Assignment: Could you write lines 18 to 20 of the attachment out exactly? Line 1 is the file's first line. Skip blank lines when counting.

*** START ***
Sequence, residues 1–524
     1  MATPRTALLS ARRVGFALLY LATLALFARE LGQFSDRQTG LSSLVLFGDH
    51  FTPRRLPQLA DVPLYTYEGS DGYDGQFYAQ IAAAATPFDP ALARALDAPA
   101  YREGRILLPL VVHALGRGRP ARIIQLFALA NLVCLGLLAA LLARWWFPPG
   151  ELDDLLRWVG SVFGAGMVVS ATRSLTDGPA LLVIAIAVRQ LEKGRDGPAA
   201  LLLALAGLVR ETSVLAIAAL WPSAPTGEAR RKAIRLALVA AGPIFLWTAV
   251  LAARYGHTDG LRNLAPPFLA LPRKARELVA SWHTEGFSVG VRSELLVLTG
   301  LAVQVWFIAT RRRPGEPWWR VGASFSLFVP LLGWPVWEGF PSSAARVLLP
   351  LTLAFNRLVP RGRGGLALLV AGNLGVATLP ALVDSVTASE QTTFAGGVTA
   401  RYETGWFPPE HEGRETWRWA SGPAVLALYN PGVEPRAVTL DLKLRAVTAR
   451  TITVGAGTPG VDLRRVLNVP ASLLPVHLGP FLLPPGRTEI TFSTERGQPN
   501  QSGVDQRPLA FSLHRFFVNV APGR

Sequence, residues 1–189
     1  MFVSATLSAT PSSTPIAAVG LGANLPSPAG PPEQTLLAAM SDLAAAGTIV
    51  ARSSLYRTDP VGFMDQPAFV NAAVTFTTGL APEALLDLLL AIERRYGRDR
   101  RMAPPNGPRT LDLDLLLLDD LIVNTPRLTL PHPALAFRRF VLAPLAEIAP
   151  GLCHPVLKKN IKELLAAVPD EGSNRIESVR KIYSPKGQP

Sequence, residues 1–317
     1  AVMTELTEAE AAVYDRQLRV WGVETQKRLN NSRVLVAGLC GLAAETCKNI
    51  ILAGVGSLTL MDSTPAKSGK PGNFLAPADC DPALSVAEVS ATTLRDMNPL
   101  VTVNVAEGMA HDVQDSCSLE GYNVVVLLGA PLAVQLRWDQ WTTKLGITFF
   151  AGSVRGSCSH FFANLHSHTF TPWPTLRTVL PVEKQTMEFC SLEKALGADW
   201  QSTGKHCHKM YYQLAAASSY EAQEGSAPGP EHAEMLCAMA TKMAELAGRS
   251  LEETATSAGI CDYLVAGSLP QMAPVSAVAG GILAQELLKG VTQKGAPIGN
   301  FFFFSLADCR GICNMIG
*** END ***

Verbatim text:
Sequence, residues 1–317
     1  AVMTELTEAE AAVYDRQLRV WGVETQKRLN NSRVLVAGLC GLAAETCKNI
    51  ILAGVGSLTL MDSTPAKSGK PGNFLAPADC DPALSVAEVS ATTLRDMNPL